10. HE'S AN ACCOMPLISHED BLUEGRASS PERFORMER.

Many people already know this, but we’d be remiss if we didn’t mention that he’s an extremely accomplished bluegrass performer. With the help of high school friend John McEuen, who later became a member of the Nitty Gritty Dirt Band, Martin taught himself to play the banjo when he was 17. He's been picking away ever since. If you see him on stage these days, he’s likely strumming a banjo with his band, the Steep Canyon Rangers. As seen above, they make delightful videos.

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Star Wars © & TM 2015 Lucasfilm Ltd. All Rights Reserved.
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Star Wars Premiered 41 Years Ago … and the Reviews Weren’t Always Kind
Star Wars © & TM 2015 Lucasfilm Ltd. All Rights Reserved.
Star Wars © & TM 2015 Lucasfilm Ltd. All Rights Reserved.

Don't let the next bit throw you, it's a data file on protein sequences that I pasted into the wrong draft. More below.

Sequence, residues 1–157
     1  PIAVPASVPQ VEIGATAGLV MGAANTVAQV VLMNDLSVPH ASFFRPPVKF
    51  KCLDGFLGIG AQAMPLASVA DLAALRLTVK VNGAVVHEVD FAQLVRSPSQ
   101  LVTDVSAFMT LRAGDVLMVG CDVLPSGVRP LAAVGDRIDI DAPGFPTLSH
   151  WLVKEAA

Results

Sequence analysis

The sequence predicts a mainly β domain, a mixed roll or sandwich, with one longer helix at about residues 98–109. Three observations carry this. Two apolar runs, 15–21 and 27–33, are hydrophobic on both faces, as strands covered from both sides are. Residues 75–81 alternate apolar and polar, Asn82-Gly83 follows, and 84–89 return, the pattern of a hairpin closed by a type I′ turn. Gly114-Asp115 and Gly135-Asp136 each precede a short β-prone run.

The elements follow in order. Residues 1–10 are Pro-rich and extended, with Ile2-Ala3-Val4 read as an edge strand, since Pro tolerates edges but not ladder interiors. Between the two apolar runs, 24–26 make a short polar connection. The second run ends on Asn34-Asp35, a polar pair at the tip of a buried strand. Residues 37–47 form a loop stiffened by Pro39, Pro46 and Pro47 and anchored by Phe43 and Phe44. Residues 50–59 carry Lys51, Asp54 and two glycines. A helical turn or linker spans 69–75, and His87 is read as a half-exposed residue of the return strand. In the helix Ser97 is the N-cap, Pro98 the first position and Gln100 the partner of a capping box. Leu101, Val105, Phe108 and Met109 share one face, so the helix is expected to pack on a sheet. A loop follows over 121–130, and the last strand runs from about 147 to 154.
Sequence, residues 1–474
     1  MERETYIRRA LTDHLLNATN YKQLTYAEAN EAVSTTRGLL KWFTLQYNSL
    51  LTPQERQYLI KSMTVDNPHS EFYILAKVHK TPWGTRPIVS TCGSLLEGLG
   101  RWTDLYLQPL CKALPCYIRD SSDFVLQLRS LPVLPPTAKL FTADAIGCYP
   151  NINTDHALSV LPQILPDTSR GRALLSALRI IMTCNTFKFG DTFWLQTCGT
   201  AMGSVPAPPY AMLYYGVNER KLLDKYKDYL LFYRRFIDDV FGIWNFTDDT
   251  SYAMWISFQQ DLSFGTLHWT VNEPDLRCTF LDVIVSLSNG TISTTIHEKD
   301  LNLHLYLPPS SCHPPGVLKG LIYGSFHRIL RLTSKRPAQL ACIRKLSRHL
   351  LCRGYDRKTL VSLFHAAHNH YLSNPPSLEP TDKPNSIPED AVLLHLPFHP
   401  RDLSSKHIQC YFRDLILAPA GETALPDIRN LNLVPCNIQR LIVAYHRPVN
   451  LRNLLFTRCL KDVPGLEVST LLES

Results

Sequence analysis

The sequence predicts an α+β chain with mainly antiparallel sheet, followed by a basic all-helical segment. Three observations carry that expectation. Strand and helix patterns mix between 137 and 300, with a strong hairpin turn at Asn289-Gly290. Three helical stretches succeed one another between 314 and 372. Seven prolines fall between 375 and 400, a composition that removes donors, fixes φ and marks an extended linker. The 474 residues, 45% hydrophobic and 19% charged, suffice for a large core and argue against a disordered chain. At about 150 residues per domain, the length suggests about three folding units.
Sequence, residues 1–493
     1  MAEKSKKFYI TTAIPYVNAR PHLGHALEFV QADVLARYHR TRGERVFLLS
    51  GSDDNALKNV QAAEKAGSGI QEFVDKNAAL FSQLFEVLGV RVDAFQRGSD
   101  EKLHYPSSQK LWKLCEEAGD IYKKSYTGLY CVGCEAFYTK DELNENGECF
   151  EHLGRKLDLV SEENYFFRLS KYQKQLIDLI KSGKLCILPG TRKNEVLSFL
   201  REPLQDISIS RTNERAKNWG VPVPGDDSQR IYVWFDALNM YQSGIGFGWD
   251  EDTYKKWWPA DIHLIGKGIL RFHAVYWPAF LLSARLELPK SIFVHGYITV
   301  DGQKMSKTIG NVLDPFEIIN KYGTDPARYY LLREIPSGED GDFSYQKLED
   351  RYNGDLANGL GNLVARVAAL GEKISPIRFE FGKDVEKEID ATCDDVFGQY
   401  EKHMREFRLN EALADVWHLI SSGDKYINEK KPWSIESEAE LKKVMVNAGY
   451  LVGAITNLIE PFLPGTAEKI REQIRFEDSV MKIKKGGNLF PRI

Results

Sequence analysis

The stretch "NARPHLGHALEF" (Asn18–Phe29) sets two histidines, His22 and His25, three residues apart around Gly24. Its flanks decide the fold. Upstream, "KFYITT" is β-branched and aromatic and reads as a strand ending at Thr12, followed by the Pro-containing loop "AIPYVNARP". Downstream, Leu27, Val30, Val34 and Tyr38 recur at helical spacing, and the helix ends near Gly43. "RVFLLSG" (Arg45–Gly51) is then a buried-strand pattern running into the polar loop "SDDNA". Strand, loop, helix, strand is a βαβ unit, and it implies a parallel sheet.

A long time ago (41 years, to be exact) in a galaxy just like this one, George Lucas was about to make cinematic history—whether he knew it or not. On May 25, 1977, moviegoers got their first glimpse of Star Wars, Lucas’s long-simmering space opera that would help define the concept of the Hollywood “blockbuster.” While we're still talking about the film today, and its many sequels and spinoffs (hello, Solo), not every film critic would have guessed just how ingrained into the pop culture fabric Star Wars would become. While it charmed plenty of critics, some of the movie’s original reviews were less than glowing. Here are a few of our favorites (the good, the bad, and the Wookiee):